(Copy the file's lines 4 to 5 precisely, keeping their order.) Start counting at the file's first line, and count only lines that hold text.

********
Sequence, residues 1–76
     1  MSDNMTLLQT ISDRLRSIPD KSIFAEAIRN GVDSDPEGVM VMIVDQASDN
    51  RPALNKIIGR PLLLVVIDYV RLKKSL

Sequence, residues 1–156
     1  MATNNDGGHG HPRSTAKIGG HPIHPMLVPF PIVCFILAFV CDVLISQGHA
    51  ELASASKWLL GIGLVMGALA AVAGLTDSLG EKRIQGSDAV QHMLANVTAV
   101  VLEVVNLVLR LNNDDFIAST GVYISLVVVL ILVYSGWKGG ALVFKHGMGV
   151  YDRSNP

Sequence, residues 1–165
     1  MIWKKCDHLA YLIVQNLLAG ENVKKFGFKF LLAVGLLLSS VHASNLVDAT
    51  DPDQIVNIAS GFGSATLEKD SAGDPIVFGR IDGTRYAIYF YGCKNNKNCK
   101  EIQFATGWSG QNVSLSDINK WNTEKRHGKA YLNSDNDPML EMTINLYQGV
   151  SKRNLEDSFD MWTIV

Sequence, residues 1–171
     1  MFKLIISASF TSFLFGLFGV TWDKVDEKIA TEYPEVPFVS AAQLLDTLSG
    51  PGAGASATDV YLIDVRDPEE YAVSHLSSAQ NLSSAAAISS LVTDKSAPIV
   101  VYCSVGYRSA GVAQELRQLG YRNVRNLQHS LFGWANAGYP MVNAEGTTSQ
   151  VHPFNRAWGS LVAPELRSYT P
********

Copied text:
Sequence, residues 1–156
     1  MATNNDGGHG HPRSTAKIGG HPIHPMLVPF PIVCFILAFV CDVLISQGHA